Reporting on pedestrian life in the D.C. area

Metro history: America fears the Washington, D.C. Beltway

November 9, 2011 - 02:37 PM
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(Photo: Popular Mechanics)

Driving in the District can be scary, frustrating, and maddening, as I imagine most of you know. Our fears were nationally validated, however, in April of 1984 when Popular Mechanics magazine included one of our transportation nightmares on their list of the 10 Scariest Places to Drive in America. It's an ominous list and hardly an honor. The magazine's illustration is a fantastic skull and crossed highways in place of bones.

What's worse is that not only did D.C. make the list but Baltimore managed to do so, too.

Our big source of terror in the District is the 495 Beltway that wraps around our city. This highway "does to cars what cyclotrons do to atoms," the magazine says. "Commuters can cope, but for strangers, the mix of on-off traffic, the uncontrolled lane changing, and the speed threaten disaster." You bet they do. The magazine calls the Beltway "notorious" and cautions at mixing "doddering tourists" with "hotshot commuters."

And what's Baltimore's transportation vice back in 1984? Drunken drivers, according to Popular Mechanics. "You should stay out of Baltimore, especially at night," the magazine declares.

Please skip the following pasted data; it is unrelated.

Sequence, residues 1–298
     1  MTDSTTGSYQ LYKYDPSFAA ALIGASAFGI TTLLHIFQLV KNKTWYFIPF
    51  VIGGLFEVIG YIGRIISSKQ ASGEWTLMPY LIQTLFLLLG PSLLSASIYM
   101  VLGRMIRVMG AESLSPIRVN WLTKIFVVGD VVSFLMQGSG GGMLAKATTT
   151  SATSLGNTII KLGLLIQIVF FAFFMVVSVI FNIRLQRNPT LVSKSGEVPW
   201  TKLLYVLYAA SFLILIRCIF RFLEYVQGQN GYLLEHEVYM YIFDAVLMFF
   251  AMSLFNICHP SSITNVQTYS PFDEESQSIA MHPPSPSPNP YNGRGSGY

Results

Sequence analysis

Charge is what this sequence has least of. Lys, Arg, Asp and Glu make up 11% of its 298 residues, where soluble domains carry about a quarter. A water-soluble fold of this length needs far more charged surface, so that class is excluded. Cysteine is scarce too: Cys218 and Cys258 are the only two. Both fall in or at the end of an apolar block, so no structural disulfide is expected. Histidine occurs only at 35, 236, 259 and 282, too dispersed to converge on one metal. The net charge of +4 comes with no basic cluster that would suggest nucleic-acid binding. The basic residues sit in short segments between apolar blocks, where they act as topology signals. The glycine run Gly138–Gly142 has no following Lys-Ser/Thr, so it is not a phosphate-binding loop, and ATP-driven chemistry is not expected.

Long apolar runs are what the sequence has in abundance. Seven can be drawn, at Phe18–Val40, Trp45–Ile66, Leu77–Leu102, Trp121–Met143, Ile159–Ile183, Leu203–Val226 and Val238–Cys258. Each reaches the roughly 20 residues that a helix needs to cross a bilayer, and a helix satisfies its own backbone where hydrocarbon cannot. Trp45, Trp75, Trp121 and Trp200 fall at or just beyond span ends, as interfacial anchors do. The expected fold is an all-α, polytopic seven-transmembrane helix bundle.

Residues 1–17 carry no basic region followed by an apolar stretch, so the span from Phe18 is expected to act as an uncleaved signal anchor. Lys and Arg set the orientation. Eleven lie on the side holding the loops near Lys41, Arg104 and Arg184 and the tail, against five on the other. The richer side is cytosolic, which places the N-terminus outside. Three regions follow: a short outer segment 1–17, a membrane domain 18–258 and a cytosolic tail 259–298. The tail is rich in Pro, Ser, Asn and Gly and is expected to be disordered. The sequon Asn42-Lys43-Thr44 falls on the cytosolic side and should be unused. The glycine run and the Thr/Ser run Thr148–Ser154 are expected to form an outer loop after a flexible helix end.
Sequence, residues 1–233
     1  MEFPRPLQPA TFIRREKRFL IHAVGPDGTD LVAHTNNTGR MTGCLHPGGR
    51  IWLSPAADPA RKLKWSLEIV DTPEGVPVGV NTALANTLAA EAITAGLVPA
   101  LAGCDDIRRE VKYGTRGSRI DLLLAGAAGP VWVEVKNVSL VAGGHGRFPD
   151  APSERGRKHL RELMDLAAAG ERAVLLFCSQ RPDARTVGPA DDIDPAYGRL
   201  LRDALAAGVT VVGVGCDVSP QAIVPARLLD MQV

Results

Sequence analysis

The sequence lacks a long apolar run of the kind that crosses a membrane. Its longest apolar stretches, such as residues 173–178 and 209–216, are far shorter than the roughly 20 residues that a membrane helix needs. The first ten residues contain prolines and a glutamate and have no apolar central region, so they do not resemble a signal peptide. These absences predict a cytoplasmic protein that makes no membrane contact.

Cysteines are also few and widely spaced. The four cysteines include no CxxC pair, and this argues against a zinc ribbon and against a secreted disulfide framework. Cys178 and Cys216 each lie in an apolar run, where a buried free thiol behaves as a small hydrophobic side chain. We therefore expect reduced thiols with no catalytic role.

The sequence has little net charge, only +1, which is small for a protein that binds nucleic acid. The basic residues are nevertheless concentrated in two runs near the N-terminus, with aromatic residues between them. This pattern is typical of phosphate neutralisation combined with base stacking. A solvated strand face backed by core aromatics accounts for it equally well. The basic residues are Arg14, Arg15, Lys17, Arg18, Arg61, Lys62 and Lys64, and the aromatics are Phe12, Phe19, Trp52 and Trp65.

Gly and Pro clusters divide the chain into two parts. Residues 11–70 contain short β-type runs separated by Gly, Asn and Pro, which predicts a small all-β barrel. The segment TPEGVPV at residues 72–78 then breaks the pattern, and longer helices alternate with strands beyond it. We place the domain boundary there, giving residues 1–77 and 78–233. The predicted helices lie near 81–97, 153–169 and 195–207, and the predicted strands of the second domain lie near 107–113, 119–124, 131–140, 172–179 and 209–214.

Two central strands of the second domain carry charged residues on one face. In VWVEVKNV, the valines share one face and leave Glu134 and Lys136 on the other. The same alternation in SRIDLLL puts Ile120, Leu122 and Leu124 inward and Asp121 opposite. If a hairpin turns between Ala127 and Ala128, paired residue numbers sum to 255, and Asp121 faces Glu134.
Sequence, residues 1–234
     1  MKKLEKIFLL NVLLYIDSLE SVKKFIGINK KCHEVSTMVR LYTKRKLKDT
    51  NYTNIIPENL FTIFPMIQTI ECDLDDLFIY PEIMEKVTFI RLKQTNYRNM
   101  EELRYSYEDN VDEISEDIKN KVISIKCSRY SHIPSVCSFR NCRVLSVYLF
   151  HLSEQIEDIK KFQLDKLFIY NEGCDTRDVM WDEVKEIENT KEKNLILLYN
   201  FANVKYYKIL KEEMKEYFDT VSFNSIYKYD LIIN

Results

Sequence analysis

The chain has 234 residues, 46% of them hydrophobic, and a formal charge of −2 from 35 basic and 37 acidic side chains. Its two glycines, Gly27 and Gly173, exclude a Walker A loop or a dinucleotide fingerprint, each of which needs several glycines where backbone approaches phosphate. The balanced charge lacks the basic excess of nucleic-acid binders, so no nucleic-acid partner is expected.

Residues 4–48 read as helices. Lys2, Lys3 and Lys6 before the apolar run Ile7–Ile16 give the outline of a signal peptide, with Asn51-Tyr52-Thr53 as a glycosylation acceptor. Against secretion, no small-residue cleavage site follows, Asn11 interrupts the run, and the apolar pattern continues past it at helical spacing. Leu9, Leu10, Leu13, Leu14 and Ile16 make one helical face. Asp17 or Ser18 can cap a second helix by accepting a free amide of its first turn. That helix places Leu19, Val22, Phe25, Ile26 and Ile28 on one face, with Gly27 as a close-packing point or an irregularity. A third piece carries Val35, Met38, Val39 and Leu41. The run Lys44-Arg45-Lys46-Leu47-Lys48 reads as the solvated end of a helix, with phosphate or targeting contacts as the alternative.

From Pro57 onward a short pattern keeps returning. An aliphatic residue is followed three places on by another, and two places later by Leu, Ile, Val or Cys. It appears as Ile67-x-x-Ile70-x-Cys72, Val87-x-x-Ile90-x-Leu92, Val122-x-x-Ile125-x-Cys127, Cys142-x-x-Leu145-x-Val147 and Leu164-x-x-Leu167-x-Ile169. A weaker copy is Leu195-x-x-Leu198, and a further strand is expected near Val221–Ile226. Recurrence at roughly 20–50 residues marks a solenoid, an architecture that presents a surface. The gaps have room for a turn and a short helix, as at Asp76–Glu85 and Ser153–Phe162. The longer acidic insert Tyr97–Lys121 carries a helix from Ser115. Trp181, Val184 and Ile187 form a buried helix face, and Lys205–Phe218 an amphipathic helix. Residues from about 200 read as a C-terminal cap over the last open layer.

The Beltway has, of course, remained a risky ride in the years since Popular Mechanics released its list. Consider these words from a Maryland Department of Transportation study conducted in the last decade:

SHA accident statistics show that the Maryland portion of the Capital Beltway experienced 6,800 police-reported accidents during a three and a half year period between January 2000 and June 2003. These accidents resulted in an average rate of 58.1 accidents per 100 million vehicle miles of travel, which is significantly higher than the statewide average of 54.7 for a similarly designed highway. Many of these accidents occurred at, or approaching, an interchange.

Both rear-end and sideswipe accidents were significantly higher than the statewide average, which could be a symptom of the stopping and slow moving traffic. The truck related accidents were also significantly higher than the statewide average.

Drive with care, D.C. commuters. Transportation is a jungle. See the Popular Mechanics list yourself here and learn the other national transportation horrors that those magazine writers feared.

Read more pieces of Metro history here.

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